Due to the capacity to manipulate the State using secondary power, it is possible to channel and further alienate individual members from their capacity to do harm. That is, structures of secondary power can be built up to make massive scaffolds which support certain unequal power relationships. In any capitalist society, initial unequal distribution tends to be magnified by chance. Perhaps self-evidently, one of the main forms of secondary power in a capitalist society is capital. The vicissitudes of chance result in some members of these societies in having more soft power than others; once they have acquired this soft power (in the form of capital), it can be spent to accrue other tertiary and quaternary forms of power, to help in the acquisition of even more capital. [xxi]

In this way, it is possible individuals in an insufficiently regulated State to construct edifices with expenditure of soft power to ensure that they continue to accrue that power, cutting off other constituent members’ access to power. This is an extreme alienation of the constituent member from their own capacity to harm. [xxii]

It is rare that a single person manages to gain extreme heights of secondary power in a State while all others languish. Much more likely is the formation of interest groups. By wielding their own secondary power as a bloc, they may make inroads against disunified and scattered opponents. Many of their foes may not even realize they share a common interest until it’s too late. [xxiii] Influence-peddlers thus tend to form ever more stratified and more impermeable networks of power within the State; entire populations may be congenitally disenfranchised and reduced to a de facto lower class, even in societies that claim to be “classless.” In fact, in those societies that deny the reality of class, the danger is all the greater. By denying the language of class as an operative mode of thought, they can prevent the opposition to interest-groups from ever forming.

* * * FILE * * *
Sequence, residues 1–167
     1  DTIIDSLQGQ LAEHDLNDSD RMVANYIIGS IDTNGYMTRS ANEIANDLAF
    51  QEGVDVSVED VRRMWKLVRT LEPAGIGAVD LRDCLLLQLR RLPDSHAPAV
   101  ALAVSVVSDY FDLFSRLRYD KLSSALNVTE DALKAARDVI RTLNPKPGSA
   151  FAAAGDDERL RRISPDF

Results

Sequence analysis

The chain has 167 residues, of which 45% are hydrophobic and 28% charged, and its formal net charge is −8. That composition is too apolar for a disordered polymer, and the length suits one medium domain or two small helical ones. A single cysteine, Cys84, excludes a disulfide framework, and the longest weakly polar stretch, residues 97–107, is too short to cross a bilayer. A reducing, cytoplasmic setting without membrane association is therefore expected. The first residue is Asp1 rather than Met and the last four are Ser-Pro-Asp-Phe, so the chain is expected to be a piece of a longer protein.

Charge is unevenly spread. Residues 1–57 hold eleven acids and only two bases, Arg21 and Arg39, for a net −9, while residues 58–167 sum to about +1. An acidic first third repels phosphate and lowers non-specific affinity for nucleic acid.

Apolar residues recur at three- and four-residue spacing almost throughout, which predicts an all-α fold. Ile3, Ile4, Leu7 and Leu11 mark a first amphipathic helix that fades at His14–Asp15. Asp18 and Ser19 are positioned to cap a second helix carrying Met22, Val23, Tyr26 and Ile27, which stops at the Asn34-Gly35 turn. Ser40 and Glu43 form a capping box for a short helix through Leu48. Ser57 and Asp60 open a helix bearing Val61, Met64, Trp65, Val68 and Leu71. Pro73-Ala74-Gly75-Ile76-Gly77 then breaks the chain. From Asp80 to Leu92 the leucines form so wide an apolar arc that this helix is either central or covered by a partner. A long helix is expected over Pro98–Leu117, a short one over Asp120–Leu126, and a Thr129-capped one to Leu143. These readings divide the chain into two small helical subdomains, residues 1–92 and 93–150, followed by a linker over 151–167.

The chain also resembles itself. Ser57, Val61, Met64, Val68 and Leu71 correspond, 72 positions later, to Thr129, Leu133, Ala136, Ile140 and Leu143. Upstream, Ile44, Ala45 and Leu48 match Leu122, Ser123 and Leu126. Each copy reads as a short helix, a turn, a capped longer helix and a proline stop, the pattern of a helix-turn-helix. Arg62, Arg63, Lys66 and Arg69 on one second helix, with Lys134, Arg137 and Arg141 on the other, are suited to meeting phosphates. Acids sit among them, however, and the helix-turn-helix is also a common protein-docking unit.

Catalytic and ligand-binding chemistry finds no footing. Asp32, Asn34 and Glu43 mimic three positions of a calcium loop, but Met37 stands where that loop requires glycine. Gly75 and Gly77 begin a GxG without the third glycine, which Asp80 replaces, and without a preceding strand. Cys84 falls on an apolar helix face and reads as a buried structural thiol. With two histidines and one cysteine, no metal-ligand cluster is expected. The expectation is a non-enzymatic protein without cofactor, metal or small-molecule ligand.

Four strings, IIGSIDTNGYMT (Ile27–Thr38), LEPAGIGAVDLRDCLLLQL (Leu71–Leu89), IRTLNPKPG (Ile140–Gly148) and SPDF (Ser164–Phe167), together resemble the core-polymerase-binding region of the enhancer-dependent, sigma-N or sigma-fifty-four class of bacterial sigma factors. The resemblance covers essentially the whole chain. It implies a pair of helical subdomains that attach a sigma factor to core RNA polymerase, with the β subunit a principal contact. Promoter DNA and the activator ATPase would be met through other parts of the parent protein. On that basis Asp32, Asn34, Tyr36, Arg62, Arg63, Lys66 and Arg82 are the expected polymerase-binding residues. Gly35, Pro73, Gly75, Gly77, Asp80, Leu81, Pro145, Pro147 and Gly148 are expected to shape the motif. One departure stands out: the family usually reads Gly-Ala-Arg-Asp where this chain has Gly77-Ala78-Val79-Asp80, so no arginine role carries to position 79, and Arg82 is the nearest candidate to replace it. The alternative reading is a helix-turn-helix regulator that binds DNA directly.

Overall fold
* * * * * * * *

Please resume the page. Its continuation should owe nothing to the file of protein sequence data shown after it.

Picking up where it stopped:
The ruling strata thereby seizes access to the capacity to do harm, far outstripping the capacity of any individual in the fictitious state of nature. [xxiv] This is an inequality which our principle of violence should seek to overturn; however, it is easy to take this to an ultimate extreme which would result in a self-defeating non-State.

That is, if we were to assume this trends us to a utopian society without the State, we would be falling into the same trap that the regulation-less society of pure capitalism does; there must, therefore, be a State to regulate interpersonal relationships and ensure that arbitrary acts of the world do not result in exaggerated structures of power. This leads us into our justifying principle.

IV. Justification and Emancipation.

What is the solution to our problem? Is there a principle, in other words, that allows us to act without falling prey to the great bugbear of Classical Liberalism? Yes. The solution is this one: to oppose the calcification of inequality within the State, to minimize the inherent violence in society, and to seek the balance of regulation which preserves this status quo as best it can without being overwhelmed by the corruption of secondary or even primary (violent) power.

That is, we may turn our own capacity for violence on any State which has been coopted by gangs of the powerful—the interest-groups of the ruling class. It is not logically impossible for these interest-groups to be confronted and reformed within the strictures of the State, no matter what other theorists may say. [xxv] However, the pragmatic feasibility of this kind of reform must dwindle as the stranglehold on power grows tighter and tighter. The realization of capacity for harm must be weighed in balance—the likelihood of successful reforms must be compared realistically to the damage done by realizing that harm.

We cannot go into a revolution blindly. Grasping the hilt of power without fully comprehending the steps that will follow is a nightmare of uncontrolled Terror. Once the revolution has begun, the justifying principle must be adhered to with strict and Spartan discipline. No violence should be done which does not reduce the initial violence of the State; no violence should be done which is not done with the aim of mitigating the imbalance of power. The one-party State is an abomination, for it abandons the principles for which the